Libraries struggle to afford the demand for e-books, seek new state laws in fight with publishers

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HARTFORD, Conn. — Whenever bestselling author Robin Cook releases a new medical thriller, the head of the public library in West Haven knows demand for digital copies will be high. So will the price.

Like many libraries, West Haven has been grappling with the soaring costs of e-books and audiobooks. The digital titles often come with a price tag that’s far higher than what consumers pay. While one hardcover copy of Cook’s latest novel costs the library $18, it costs $55 to lease a digital copy — a price that can’t be haggled with publishers.

And for that, the e-book expires after a limited time, usually after one or two years, or after 26 checkouts, whichever comes first. While e-books purchased by consumers can last into perpetuity, libraries need to renew their leased e-material.

The modestly funded West Haven Library has spent more than $12,000 over the last three years to lease just 276 additional digital titles beyond what patrons can access through a consortium of public libraries. Eighty-four of those books are no longer available. If that same amount had been spent on paper books, it would have covered about 800 titles.

“Imagine if a playground was built at a school with tax dollars, only to be taken down after two years of use,” librarian Colleen Bailie said at a recent public hearing.

Publishers, however, argue the arrangement is fair considering e-book licenses for libraries allow numerous patrons to “borrow” them and the per-reader cost is much less expensive than the per-reader rate.

Librarians in several states have been pushing for legislation to rein in the costs and restrictions on electronic material, which has been growing in popularity since the COVID-19 pandemic. Patrons are stuck on long waiting lists for audio and e-books, and digital offerings are limited.

This year, lawmakers in states including Connecticut, Massachusetts, Illinois, Hawaii and New Hampshire have proposed bills aimed at closing the affordability gap. A bill was introduced in Virginia but was tabled in February.

They face strong opposition from the publishing industry, which argues the legislation undermines intellectual property values and will harm the publishing ecosystem.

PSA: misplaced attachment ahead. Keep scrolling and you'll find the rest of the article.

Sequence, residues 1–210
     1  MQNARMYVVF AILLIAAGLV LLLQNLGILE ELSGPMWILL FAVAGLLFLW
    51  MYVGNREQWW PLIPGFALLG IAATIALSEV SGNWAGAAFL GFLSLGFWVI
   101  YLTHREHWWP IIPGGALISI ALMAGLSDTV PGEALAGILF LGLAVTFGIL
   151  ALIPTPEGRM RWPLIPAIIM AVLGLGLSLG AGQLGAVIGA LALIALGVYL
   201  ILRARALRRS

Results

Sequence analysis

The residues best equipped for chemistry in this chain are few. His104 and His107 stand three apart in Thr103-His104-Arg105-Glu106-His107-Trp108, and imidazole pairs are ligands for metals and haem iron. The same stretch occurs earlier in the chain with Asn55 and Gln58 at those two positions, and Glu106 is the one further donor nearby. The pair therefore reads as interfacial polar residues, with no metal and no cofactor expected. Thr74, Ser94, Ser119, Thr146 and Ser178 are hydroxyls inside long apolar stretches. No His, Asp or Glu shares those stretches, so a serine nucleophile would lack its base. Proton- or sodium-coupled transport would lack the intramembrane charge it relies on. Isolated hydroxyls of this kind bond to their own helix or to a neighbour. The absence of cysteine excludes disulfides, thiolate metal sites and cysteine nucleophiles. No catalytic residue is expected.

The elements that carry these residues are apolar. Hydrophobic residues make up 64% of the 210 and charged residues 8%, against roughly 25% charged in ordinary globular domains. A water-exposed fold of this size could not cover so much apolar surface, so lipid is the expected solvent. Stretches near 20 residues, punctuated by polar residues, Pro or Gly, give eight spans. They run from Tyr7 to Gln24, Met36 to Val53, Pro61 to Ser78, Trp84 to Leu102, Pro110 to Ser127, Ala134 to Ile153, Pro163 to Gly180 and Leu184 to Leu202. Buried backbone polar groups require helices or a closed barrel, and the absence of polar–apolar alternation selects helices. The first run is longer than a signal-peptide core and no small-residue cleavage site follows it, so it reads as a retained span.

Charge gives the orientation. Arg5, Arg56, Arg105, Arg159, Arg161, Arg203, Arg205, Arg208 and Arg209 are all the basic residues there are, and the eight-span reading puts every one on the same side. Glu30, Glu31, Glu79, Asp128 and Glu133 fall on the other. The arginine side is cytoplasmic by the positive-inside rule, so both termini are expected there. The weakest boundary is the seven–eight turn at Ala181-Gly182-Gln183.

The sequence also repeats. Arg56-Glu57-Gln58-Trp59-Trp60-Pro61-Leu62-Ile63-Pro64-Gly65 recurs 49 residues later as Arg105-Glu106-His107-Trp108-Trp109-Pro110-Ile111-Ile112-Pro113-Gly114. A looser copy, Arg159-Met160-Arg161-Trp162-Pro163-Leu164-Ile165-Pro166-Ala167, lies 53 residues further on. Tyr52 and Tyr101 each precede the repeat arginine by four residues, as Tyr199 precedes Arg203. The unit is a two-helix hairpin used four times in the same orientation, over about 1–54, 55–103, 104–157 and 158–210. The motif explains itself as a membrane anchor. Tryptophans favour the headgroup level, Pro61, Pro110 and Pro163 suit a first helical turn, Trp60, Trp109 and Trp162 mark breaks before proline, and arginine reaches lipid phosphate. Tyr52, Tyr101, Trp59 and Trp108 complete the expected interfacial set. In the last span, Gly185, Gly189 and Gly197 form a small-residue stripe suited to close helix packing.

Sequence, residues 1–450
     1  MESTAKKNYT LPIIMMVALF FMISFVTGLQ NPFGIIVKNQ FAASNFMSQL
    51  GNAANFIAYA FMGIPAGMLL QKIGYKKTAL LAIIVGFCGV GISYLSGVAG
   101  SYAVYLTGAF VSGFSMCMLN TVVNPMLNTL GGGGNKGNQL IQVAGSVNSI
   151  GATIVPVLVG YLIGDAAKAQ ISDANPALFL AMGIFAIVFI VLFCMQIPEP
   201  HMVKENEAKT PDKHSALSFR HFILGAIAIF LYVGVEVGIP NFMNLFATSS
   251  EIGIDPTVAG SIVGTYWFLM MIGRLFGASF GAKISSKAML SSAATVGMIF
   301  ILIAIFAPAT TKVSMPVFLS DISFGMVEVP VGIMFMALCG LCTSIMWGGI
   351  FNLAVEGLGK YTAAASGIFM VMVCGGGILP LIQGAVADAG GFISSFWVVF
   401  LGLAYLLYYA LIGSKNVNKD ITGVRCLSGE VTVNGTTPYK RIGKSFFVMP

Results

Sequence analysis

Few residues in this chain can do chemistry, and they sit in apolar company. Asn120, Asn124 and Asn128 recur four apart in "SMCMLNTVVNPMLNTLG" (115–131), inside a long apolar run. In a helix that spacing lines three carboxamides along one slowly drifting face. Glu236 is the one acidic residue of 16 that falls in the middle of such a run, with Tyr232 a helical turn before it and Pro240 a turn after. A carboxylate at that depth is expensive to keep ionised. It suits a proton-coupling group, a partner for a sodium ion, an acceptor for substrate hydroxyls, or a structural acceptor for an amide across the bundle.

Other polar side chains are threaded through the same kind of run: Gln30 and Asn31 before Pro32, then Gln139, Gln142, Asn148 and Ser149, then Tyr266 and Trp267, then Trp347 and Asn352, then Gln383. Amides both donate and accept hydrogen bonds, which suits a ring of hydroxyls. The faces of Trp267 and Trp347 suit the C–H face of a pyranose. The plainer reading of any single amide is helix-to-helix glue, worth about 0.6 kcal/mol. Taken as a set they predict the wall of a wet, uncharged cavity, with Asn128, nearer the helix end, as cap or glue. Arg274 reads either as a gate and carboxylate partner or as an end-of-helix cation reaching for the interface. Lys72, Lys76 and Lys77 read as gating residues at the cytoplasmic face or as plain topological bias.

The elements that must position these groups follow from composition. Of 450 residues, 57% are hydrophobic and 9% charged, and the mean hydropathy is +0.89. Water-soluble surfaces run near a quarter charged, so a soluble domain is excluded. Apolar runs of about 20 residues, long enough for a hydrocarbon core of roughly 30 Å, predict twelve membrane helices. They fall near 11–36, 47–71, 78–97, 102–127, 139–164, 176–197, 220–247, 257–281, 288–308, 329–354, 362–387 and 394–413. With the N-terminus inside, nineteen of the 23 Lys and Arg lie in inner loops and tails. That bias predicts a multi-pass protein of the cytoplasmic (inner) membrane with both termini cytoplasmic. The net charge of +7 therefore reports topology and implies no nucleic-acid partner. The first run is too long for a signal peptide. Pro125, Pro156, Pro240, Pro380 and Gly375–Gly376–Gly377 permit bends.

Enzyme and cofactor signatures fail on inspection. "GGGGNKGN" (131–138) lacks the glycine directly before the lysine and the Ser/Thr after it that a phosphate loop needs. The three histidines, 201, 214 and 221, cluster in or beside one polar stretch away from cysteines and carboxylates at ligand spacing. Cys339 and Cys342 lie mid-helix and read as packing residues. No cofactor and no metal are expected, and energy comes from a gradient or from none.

“They do have a funding problem, but the answer is not to take it out of the pockets of authors and destroy the rights of creators and pass unconstitutional legislation,” said Shelley Husband, senior vice president of government affairs at the Association of American Publishers, noting how more people than ever can access e-material that might otherwise have been purchased from booksellers.

Readers across the globe borrowed 662 million e-books, audiobooks and digital magazines last year, up 19% since 2022, according to data provided by OverDrive, the main distributor of digital content for libraries and schools.

Libraries Online Inc., a Connecticut interlibrary consortium, is currently spending roughly $20,000 a month on e-books for its 38 members. Replacing expired titles consumes 20% of the consortium’s budget, said e-book committee chair, Rebecca Harlow.

“If we replaced all of the content that has expired this year, the cost would exceed our entire annual budget for e-books,” Harlow recently told lawmakers. “We have completely lost the ability to build a library collection.”

The consortium leases fewer than 30 books a month for children and 30 books a month for teens, she said.

Dumping e-books and audio books isn’t considered an option for libraries with patrons like Casey Rosseau, 53, of West Hartford, Connecticut.

Rosseau, an information technology worker, has worsening eyesight. He reads about 200 audiobooks a year using OverDrive’s Libby app on his phone, and is typically on waiting lists for months at a time for the most coveted titles.

“I’ve always gone to the library to get the latest John Grisham or the latest James Patterson (novel),” he said. “Those come out so often that you have to have really deep pockets in order to be able to afford to buy them.”

In 2021, Maryland passed a law that would have required publishers to make e-books available on “reasonable terms” to libraries if they were being offered to the general public. That was struck down by a judge in 2022, after publishers successfully argued that federal copyright law bars states from regulating publishing transactions. New York Gov. Kathy Hochul vetoed a similar measure in 2021.

Many of the latest legislative proposals try a different approach.

An Illinois bill would void contracts between libraries and publishers that include certain provisions, such as restricting a library’s right to determine loan periods for licensed electronic material. Massachusetts and Connecticut are looking at similar proposals.

“Basically, rather than telling the publishers that they have to do anything in particular, our bill would tell the libraries on what terms they can make deals with the publishers,” said Connecticut state Rep. Matt Blumenthal, a Democrat.

Husband, of the Association of American Publishers, said she sees no real difference between the overturned Maryland law and these latest efforts. Last year, organizations representing publishers, booksellers and authors formed The Protect the Creative Economy Coalition to oppose state legislation.

But Julie Holden, assistant library director for the Cranston Public Library in Rhode Island, said that without legislative change, local librarians will not only continue to face financial strain, they’ll be bogged down examining lists of expiring digital leases to decide whether they can justify spending more money to renew each one.

“Taxpayers who fund our public libraries deserve better. Way better,” she said.

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